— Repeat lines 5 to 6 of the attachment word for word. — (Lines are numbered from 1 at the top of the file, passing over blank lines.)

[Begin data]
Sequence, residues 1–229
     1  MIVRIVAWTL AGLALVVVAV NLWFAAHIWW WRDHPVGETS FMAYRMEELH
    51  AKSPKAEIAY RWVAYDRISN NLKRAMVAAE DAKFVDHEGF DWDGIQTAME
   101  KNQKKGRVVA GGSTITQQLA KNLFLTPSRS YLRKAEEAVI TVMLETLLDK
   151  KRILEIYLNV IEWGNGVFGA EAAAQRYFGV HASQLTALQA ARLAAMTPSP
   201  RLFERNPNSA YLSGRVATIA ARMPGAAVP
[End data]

   151  KRILEIYLNV IEWGNGVFGA EAAAQRYFGV HASQLTALQA ARLAAMTPSP
   201  RLFERNPNSA YLSGRVATIA ARMPGAAVP